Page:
Bombshell: The Hedy Lamarr Story is a revealing-if-traditional documentary

click to enlarge Hedy Lamarr, woman of mystery
Hedy Lamarr, woman of mystery

Hedy Lamarr's incandescent beauty made her one of the world's biggest movie stars in the 1930s and '40s. It was also, as argued by the new documentary Bombshell, what eventually undid her. But the Austrian-born actress was more than just a smoldering screen siren: She was an independent film producer, a memoirist, a prolific seller of war bonds, a feminist icon and an unsung inventor.

That's right: inventor. You can partially thank Hedy Lamarr for Wi-Fi. She and avant-garde composer George Antheil devised a telecommunication system that prevented German fleets from jamming the frequencies of American torpedoes, which the Navy successfully adopted during World War II. The creators never received proper credit or compensation, but it would later be used not only in wireless internet but Bluetooth and GPS technologies.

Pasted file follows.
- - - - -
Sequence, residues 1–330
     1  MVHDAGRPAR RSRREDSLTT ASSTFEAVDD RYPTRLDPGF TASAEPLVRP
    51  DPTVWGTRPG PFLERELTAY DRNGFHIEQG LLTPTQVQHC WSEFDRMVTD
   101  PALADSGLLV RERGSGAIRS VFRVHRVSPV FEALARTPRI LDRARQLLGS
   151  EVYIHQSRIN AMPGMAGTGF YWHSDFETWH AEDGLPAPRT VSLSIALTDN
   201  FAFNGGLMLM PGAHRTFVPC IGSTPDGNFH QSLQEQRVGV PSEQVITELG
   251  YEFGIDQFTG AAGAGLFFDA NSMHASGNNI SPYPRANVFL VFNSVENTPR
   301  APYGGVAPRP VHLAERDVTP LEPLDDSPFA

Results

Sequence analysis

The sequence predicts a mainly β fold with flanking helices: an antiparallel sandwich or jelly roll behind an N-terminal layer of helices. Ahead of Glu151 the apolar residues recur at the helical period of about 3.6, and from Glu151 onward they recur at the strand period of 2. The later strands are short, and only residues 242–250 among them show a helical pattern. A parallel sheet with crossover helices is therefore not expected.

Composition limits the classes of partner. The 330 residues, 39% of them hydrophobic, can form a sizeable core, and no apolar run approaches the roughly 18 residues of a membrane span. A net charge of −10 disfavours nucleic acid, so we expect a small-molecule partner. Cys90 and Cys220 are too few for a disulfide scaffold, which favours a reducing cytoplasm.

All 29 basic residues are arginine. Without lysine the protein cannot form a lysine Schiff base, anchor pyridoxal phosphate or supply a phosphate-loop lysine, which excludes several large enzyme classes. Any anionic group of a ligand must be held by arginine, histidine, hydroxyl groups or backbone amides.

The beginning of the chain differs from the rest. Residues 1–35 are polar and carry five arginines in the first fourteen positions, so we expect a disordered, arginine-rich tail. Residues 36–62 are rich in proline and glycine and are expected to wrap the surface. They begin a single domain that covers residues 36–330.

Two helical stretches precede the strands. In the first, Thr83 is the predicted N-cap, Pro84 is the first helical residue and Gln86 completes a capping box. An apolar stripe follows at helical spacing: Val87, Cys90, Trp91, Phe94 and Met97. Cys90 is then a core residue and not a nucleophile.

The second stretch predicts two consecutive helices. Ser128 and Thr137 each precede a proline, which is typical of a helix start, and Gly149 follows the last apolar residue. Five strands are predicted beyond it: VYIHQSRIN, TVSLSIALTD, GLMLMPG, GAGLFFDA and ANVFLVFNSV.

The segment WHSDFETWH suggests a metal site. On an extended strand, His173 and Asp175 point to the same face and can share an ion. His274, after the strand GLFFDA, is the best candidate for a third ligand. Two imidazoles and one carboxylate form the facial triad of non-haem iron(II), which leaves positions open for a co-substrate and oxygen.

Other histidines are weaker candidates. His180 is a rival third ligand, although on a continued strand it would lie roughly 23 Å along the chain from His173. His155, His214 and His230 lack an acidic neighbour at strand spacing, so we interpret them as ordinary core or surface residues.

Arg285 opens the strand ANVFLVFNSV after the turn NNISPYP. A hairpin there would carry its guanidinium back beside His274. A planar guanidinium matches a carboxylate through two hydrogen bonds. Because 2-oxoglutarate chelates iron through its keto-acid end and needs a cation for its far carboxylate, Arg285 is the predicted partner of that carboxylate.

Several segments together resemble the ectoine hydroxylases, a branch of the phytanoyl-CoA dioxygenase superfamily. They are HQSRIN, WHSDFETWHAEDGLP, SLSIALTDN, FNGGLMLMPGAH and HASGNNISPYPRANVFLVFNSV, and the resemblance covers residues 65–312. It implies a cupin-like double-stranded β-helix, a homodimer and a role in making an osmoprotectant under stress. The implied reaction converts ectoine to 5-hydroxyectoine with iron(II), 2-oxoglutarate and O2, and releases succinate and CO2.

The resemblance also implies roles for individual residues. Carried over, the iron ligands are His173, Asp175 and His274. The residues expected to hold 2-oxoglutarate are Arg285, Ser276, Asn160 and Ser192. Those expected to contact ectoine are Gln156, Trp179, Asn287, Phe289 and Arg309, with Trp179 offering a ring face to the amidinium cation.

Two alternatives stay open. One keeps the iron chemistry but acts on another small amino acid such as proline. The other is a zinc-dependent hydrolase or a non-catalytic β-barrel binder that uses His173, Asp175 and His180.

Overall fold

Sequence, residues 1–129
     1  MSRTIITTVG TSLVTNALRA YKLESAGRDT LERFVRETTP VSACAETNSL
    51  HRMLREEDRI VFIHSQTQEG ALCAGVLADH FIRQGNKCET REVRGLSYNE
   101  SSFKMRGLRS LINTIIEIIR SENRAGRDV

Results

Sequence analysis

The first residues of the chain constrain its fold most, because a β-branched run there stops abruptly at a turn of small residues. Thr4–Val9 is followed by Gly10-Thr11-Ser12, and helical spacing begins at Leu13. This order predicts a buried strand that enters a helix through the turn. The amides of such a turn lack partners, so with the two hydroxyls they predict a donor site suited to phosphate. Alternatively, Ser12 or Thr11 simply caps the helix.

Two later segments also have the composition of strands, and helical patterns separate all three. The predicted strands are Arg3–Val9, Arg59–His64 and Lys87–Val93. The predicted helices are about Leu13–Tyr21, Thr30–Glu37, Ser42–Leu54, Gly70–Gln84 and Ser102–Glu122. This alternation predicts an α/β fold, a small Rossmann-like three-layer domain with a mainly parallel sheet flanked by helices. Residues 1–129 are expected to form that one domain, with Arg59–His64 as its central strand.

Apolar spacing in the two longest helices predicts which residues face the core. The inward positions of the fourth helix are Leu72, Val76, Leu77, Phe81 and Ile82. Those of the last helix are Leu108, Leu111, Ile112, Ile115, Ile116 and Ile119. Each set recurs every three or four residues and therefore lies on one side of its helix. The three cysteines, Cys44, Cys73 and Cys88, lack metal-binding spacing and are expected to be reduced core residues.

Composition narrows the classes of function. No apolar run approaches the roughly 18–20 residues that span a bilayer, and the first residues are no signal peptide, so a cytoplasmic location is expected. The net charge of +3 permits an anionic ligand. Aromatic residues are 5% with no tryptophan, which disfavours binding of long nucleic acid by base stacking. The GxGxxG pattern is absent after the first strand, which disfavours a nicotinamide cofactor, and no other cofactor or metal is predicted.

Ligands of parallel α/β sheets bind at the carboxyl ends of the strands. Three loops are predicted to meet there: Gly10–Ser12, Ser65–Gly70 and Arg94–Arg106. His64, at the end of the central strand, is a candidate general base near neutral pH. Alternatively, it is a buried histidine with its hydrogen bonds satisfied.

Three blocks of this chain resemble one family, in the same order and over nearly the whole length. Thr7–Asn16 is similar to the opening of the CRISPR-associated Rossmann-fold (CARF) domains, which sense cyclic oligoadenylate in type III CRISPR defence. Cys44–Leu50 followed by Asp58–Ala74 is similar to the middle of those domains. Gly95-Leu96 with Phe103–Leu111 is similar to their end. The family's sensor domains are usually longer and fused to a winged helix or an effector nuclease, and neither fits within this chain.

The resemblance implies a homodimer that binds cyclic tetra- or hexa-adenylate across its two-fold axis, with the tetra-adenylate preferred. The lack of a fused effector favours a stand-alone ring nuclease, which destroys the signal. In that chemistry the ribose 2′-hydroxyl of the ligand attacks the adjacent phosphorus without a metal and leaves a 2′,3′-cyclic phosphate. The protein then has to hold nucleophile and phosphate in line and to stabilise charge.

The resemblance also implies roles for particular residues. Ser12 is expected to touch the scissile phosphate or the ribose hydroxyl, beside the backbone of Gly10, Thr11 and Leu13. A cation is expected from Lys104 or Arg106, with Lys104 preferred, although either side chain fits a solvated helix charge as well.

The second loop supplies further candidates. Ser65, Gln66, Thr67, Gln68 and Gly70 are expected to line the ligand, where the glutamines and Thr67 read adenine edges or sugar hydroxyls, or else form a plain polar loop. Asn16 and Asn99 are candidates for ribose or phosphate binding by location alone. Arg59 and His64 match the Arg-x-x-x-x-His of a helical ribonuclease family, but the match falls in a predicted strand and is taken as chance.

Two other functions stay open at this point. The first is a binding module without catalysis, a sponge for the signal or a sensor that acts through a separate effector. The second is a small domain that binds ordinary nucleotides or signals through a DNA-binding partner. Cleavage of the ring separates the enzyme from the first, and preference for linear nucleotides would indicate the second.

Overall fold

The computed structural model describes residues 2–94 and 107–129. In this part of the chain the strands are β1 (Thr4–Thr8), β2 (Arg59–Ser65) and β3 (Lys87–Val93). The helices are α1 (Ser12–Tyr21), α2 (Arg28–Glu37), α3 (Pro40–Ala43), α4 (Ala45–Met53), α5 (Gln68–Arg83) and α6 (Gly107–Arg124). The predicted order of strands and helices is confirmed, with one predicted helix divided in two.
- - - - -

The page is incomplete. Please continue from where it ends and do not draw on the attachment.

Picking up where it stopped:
This is the kind of unlucky break that defined Lamarr's life. She emerges from Bombshell as impetuous and neurotic, yes, but mostly misunderstood and underestimated. Her acting career burned brightly but quickly, as did each of her six marriages. In her later years, she fell into legal and financial trouble and became something of a recluse until her death in 2000.

Bombshell is the debut of director Alexandra Dean, and she adopts a standard biographical documentary form: modern-day, talking head interviews interspersed with archival footage and photos. Some of the clips from Lamarr's films (including Boom Town, White Cargo, Samson and Delilah and the notorious nudie Ecstasy) are illuminating, but they're often pixelated and washed out, either because they're taken from low-quality (and public domain) sources or aren't shown in their proper aspect ratios.

Formal nitpicks aside, it's impossible not to empathize with — and find a new appreciation for — Lamarr by the film's end. Lamarr herself provides some narration, by way of the recently discovered tapes of a 1990 interview she did with Forbes when she was 75, and she's as candid, self-effacing and whip-smart as you'd hope. (NOT RATED)

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    About The Author

    Nathan Weinbender

    Nathan Weinbender is the Inlander's Music & Film editor. He is also a film critic for Spokane Public Radio, where he has co-hosted the weekly film review show Movies 101 since 2011.